On 8 May 2020, the European Commission (EC) confirmed that the shareholders and subordinated creditors of banks that receive public support to help them withstand coronavirus-related pressures will not be required to bear losses through write-down or conversion to equity, as would normally be the case under European Union (EU) state aid rules.
This may make it easier for countries such as Italy, where the pandemic is likely to inflate banks’ already high problem loan burden, to support their lenders if necessary. Strategies that could be compatible with EU rules include an asset management company (AMC, or “bad bank”) to buy banks’ problem loans, coupled if necessary with capital injections from the government to help individual lenders absorb credit losses. However, such measures would still face considerable political and technical obstacles, according to Moody’s.
Regulatory obstacles to supporting banks diminish
Temporarily relaxing the requirement that investors bear losses removes an obstacle to the “precautionary recapitalisation” of solvent banks to preserve financial stability, which is permitted under EU rules. Governments could also use (and if necessary create) an AMC to buy problem loans, including those held by banks eligible for recapitalisation. This would be in line with a 2018 EC “Blueprint” setting out an AMC model that complies with EU state aid rules. Addressing coronavirus-related pressures rather than pre-existing weaknesses would have to be the main objective, although this distinction may not be easy to make in practice.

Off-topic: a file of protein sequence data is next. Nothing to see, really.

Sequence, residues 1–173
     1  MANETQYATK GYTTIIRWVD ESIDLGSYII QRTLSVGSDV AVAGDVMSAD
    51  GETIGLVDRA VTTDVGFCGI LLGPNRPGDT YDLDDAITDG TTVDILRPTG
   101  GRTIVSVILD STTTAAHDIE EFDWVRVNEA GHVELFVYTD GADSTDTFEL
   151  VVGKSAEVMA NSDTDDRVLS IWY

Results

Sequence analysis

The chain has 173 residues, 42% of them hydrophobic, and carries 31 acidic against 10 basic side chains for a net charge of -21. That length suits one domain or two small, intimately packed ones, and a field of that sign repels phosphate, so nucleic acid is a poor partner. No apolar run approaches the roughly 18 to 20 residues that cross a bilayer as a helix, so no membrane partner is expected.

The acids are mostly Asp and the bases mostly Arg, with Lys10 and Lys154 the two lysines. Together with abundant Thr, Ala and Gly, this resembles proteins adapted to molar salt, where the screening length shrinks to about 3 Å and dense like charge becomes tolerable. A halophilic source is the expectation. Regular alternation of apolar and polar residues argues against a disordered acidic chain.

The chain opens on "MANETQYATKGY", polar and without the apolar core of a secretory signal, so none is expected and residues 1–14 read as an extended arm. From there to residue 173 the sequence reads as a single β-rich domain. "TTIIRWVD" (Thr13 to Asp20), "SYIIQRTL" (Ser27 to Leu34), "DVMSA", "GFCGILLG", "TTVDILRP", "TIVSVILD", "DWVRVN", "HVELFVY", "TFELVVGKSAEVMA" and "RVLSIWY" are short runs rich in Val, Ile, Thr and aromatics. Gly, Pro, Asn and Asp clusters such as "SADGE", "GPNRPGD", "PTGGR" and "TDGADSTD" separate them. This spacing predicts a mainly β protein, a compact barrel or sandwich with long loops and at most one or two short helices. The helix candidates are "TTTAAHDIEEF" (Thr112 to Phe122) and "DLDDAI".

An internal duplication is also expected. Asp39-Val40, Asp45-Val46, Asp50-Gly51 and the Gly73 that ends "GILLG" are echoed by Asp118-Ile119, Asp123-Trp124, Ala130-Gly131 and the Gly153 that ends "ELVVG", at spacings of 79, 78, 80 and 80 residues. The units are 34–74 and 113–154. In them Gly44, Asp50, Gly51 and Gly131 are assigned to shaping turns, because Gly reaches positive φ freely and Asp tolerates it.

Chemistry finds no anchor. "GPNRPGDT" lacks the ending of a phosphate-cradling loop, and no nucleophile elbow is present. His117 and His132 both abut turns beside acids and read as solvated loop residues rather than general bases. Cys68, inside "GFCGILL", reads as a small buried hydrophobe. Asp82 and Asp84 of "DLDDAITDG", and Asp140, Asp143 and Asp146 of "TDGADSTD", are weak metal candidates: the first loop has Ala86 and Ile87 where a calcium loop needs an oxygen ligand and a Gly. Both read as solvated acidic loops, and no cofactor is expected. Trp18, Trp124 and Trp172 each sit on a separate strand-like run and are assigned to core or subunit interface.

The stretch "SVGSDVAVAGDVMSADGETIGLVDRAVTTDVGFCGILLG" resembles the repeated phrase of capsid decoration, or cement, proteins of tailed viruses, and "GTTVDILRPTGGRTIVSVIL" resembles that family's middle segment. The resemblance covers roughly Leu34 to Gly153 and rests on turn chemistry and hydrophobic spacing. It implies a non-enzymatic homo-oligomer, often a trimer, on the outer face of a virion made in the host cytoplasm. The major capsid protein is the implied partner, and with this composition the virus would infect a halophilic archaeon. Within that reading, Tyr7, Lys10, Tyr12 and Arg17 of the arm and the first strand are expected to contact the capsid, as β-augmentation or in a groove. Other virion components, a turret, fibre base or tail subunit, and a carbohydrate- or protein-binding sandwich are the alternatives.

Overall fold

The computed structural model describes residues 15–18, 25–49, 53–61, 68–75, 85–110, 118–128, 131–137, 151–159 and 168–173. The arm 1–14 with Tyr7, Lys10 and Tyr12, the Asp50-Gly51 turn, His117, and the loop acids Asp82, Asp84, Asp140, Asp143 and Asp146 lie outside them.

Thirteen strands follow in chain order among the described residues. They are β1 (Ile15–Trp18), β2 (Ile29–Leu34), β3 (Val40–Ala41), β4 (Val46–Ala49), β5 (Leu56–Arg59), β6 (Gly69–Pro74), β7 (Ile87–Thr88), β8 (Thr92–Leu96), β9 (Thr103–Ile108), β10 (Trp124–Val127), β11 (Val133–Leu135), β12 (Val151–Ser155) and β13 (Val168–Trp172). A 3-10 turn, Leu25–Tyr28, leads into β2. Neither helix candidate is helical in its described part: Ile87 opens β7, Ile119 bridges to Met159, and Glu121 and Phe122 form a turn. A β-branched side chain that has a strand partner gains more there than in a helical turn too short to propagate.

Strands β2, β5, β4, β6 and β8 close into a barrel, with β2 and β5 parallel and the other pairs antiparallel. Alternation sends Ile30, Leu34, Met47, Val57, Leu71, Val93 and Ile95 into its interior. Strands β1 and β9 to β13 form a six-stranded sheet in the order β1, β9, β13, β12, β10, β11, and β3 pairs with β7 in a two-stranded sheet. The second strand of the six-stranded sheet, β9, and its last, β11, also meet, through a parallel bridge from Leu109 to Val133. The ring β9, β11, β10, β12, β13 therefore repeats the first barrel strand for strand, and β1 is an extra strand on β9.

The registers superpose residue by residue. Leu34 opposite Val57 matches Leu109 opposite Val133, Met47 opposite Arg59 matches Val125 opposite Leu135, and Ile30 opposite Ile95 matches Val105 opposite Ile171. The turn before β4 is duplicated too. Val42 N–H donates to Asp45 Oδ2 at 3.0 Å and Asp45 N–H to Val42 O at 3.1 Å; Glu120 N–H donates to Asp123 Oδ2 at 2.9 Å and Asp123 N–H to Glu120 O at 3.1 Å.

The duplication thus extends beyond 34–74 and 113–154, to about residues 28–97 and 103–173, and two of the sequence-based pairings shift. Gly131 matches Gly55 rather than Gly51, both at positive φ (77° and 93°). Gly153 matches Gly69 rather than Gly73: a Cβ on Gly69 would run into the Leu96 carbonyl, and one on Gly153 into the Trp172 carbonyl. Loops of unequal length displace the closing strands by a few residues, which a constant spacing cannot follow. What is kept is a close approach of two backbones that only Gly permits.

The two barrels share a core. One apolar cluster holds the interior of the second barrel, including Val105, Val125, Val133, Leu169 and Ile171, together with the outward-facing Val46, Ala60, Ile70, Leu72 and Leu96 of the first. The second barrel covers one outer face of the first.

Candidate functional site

Political hurdles remain
Italy’s existing €400 billion coronavirus-related loan guarantee package protects banks against new lending risk. However, it does not fully address a likely drop in the value of their legacy bad debts, which will require additional provisions. Using more taxpayer funds to relieve this pressure may face political resistance, even if compatible with EU rules. The European Stability Mechanism (ESM) is a potential funding source, but this option would also face political obstacles, both in Italy and among the ESM’s 18 other members.
Italian banks’ problem loans are already high
Italian banks’ nonperforming loans (NPLs) peaked at 18% of gross loans in 2015. The NPL ratio fell back to 6.7% by end-2019 primarily thanks to disposals and securitizations encouraged by the European Central Bank (ECB). However, it still far exceeds the eurozone average of 2.7%.